Results of Tea Dogma


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Results of Tea Dogma

Postby bambooforest » Apr 17th, '13, 19:19

I suspect we all have a bit of tea dogma: That is, we believe a tea should be brewed a specific way and do so with all those styles of tea.

Recently I was brewing medium roasted 2nd place competition dong ding and some Wu Ling oolong from Tea from Taiwan.

To make a longer story short: I went from brewing these teas at 5 grams/100 ml water at around 1 minute for the first steep to 5 grams per 5 ounces at around 1.5 to 2 minutes for the first steep. It should be noted I've also tried 7 grams per 100 ml at an even shorter steep time.

What I found is that for the dong ding, when I used less tea and extended the brewing time the peach flavor that dong ding's known for pops out more than with using more lea and less brewing time parameters. The taste is broader, more enjoyable and more complex with less tea and longer brew time.

I noticed the same phenomenon with the high mountain green oolong... When I go 5g/100 ml the flavors are far less satisfying and less interesting than with less leaf and an extended steeping time. The flavor when I used less leaf and an extended steeping time has much more balance, and buttery notes and again, I find it more complex and deep.

The above goes against what it would seem much of the conventional wisdom is for oolong tea: That more of it, with less steeping time, will always render the best results. Granted, taste is subjective, but my experience shows that less leaf, longer steeping time has far superior results: The tea goes from enjoyable to wow. The aforementioned observation is specifically for some Taiwanese oolongs.

I have also been the "victim" of tea dogma. I used to shun brewing sencha at 1g/1oz, but when experimenting with it more, discovered with many Japanese greens using more leaf per oz creates the best flavor profile. I'm also sure I could experiment more with even more leaf per oz because I've done so rarely. An open mind is the best policy when brewing tea.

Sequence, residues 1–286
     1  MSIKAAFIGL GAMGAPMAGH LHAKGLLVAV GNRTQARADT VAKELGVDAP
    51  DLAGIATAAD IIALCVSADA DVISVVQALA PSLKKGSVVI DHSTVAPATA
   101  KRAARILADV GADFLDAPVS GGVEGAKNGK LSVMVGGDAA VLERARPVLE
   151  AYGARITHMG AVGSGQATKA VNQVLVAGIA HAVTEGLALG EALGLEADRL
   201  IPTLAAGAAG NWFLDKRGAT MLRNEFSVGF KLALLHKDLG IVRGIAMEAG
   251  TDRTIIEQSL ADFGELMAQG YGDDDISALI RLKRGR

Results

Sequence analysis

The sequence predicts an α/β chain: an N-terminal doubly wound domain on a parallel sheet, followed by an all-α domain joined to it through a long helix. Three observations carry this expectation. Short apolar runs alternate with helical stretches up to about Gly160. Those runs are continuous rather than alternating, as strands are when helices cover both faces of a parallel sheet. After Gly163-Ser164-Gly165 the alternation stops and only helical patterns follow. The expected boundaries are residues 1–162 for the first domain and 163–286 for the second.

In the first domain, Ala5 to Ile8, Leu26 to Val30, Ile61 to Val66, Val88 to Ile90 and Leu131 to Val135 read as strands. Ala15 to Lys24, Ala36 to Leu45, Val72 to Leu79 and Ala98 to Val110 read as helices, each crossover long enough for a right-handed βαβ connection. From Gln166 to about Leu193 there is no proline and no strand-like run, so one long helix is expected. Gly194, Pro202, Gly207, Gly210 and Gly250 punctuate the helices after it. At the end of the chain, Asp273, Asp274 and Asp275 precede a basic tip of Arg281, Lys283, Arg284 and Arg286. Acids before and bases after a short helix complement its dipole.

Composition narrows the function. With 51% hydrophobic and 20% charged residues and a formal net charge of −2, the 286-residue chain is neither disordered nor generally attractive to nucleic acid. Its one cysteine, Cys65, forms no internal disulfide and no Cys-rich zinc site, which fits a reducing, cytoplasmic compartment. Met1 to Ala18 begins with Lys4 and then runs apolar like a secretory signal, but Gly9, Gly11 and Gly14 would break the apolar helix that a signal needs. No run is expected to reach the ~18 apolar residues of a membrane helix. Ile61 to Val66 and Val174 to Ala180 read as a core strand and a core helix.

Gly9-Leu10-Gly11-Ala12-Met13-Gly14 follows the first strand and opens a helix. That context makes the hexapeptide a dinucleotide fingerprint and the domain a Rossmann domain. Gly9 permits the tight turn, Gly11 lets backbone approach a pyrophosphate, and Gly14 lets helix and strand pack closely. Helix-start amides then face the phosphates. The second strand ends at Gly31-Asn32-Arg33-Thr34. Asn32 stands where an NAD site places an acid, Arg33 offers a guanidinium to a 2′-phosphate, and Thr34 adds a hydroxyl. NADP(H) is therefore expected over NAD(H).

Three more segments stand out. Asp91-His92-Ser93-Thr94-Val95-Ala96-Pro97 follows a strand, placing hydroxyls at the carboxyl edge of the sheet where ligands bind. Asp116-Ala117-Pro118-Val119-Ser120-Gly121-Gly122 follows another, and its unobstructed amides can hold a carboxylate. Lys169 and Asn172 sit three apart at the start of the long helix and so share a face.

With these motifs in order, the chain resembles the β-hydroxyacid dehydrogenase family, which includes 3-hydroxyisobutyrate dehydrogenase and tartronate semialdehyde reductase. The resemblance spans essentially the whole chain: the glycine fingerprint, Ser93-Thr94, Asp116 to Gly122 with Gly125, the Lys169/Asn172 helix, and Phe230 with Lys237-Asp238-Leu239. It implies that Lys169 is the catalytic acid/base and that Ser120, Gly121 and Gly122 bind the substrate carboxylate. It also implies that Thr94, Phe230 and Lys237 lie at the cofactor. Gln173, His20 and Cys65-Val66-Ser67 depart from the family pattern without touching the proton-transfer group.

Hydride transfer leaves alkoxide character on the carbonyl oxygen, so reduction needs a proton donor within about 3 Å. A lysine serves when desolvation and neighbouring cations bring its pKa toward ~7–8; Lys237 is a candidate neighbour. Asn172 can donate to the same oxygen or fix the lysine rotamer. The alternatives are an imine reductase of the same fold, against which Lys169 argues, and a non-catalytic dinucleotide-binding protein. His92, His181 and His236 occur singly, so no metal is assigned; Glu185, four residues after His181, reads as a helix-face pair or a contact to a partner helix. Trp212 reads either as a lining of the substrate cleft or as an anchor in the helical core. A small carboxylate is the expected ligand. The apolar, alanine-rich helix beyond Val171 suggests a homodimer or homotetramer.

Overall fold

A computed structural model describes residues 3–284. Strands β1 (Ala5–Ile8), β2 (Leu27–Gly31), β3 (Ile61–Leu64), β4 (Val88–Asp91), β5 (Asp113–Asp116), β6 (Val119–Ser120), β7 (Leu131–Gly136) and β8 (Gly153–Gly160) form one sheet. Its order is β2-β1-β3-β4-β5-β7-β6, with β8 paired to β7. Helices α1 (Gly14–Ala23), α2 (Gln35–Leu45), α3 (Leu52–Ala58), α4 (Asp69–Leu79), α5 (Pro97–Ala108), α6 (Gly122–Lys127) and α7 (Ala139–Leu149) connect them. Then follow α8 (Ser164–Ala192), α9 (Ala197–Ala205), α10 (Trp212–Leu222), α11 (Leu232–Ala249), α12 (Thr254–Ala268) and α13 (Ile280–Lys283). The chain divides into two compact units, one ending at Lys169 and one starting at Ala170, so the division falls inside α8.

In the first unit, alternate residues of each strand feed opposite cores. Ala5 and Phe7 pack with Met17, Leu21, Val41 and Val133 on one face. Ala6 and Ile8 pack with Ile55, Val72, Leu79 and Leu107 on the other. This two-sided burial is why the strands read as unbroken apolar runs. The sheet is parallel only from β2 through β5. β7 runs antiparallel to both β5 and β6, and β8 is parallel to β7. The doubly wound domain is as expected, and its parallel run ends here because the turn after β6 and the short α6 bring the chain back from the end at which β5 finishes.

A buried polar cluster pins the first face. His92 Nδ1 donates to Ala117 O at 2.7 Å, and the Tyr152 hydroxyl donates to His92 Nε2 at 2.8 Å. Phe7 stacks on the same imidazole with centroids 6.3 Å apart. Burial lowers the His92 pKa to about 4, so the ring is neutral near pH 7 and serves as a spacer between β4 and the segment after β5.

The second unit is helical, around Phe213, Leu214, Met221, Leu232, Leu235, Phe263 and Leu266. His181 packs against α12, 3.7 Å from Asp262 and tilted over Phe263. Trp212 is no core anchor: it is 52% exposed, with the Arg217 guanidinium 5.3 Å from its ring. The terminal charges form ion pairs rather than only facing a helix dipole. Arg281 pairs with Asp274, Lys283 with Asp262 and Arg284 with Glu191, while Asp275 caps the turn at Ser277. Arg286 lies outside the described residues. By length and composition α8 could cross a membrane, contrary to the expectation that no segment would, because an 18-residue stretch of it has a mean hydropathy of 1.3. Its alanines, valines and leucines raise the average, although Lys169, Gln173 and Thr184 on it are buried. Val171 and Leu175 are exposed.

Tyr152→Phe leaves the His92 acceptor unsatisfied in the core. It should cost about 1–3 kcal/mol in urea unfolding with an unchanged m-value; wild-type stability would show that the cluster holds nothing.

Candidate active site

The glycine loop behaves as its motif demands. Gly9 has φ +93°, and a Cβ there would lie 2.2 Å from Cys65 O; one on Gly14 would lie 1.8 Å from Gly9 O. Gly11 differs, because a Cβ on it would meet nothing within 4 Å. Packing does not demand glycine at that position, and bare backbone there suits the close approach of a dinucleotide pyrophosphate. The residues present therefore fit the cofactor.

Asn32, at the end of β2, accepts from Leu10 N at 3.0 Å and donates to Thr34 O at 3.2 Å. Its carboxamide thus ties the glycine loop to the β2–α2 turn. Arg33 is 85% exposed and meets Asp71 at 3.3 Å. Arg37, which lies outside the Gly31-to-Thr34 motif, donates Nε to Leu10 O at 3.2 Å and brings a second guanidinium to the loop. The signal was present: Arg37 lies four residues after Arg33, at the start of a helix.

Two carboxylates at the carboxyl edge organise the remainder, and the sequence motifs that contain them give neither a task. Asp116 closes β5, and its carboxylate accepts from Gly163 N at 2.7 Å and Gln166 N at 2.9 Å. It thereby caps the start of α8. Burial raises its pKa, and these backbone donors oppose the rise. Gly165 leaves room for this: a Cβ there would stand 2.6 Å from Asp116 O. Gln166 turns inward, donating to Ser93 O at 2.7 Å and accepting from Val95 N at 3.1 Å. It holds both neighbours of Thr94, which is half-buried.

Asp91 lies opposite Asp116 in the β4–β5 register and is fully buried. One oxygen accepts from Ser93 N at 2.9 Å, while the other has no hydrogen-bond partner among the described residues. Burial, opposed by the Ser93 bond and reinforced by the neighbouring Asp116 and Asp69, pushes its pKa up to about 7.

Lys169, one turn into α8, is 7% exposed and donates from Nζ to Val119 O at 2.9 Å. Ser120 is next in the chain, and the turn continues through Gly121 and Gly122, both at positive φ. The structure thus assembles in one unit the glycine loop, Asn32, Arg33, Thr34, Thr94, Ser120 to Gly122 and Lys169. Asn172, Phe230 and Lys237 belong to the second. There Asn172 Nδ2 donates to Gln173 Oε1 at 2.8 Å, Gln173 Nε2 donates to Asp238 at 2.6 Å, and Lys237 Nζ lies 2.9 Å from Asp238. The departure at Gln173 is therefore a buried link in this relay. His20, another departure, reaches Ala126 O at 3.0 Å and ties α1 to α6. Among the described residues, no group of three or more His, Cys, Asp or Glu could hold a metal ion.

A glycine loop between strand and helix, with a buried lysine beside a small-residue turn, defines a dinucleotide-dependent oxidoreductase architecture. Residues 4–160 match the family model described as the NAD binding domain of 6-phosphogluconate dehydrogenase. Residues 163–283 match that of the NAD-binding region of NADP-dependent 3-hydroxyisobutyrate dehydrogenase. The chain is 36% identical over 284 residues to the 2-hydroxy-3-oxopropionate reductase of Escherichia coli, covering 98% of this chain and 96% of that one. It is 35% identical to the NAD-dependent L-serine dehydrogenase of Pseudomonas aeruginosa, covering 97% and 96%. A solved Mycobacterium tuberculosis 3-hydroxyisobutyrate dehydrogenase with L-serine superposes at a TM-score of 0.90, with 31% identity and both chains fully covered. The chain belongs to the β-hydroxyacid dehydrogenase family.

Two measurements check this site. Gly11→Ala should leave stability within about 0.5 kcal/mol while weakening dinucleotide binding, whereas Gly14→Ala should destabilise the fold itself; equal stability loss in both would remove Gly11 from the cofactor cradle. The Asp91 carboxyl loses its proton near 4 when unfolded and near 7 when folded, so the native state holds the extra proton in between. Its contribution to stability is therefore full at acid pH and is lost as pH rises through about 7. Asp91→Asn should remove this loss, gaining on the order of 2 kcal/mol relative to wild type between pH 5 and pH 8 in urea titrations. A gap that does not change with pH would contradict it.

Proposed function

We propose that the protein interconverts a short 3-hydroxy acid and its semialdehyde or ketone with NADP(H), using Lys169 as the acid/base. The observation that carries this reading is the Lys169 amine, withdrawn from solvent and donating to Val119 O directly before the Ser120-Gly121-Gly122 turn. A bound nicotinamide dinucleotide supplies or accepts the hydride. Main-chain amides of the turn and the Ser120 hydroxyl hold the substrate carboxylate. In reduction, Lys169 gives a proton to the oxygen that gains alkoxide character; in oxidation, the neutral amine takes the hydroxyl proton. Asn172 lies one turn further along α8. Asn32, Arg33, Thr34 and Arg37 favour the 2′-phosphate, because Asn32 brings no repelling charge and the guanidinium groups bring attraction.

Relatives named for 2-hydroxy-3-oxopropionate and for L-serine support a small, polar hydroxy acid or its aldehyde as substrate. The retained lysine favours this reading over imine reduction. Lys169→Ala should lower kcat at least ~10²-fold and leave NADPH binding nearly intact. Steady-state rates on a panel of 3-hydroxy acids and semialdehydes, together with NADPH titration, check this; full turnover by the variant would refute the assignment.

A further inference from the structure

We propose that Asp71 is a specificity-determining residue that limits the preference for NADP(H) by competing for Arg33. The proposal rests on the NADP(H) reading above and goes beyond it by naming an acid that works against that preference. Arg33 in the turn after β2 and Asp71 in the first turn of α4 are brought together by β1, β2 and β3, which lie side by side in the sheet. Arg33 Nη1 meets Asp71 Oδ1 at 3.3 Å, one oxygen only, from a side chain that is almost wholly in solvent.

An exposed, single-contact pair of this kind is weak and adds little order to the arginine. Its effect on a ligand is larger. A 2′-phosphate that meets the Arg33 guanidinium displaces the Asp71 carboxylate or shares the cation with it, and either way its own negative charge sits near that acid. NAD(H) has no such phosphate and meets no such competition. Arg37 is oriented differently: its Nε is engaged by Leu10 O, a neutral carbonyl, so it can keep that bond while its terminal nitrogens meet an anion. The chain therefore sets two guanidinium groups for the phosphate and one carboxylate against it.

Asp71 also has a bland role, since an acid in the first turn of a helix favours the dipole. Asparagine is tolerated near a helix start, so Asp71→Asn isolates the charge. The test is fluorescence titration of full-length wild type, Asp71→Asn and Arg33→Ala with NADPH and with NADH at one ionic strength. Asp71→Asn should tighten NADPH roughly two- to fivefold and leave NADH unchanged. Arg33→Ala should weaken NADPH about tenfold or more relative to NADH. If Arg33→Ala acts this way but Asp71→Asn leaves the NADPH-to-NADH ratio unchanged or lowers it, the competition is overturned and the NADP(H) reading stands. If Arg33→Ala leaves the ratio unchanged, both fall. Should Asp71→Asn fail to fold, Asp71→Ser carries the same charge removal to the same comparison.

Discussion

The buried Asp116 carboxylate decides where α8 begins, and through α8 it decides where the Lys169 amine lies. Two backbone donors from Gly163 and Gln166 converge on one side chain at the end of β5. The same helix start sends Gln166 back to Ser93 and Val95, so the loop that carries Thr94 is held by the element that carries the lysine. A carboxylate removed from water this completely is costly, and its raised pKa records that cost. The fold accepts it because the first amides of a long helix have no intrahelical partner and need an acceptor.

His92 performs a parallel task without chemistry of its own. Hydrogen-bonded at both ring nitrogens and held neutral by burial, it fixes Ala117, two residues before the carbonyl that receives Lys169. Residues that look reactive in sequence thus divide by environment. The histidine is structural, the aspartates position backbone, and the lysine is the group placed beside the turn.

The point I'm trying to make is that I think we tea drinkers can get caught up in what we think should be the parameters at the expense of what actually produces the most enjoyable cup.

All this said... obviously if you want as many steeps as possible from one session you will use more tea. But that's a different priority than striving for the best flavor profile you can get.

Edit: To be clear.. I've found 4 Seasons from Tea from Taiwan to perform best at more leaf and less steeping time and this is a less expensive tea than the two cited above.
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Re: Results of Tea Dogma

Postby ethan » Apr 17th, '13, 20:07

It's kind of you to share your experience & thoughts about it.

I imagine many people have done the same as you, though some of us may have limited ourselves by "habit" more than "dogma".

At the moment I am drinking some green jin xuan, that had been total disappointment. Trying less leaf & more time is giving me better flavor (thank you). It's okay.

Thanks for the reminder that we should not get overly attached to how we prepare our tea. And I remind you that not every tea can please us all. Experimentation may not always result in eventual success. (I don't like spiced tea: w/ milk, w/ sugar, w/ milk & sugar .... I don't like spiced tea!)
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Re: Results of Tea Dogma

Postby Evan Draper » Apr 17th, '13, 23:13

Very cool that you should post this, BF, as I've had a similar experience recently. I think I will be using a little less leaf from now on, steeping a little longer, and for another infusion or two. I was at a tea event last week, and while I disagreed with the presenter on many fronts, I resolved to be more patient with tea. My local tea klatch tends to pile it in pretty thick, and I was astounded to see how little tea was used by this presenter. It was pretty much Western style brewing, really. And while I missed some of the extreme flavors, I did not die of tea withdrawal, and maybe wound up paying more attention. Hey, if this guy is brewing like this, tea manufacturers in his area may well be manufacturing their teas to be drunk like this. And just like you mentioned, I am going to push myself to brew a higher ratio of green tea too; I keep making the mistake of trying to save it too long!
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Re: Results of Tea Dogma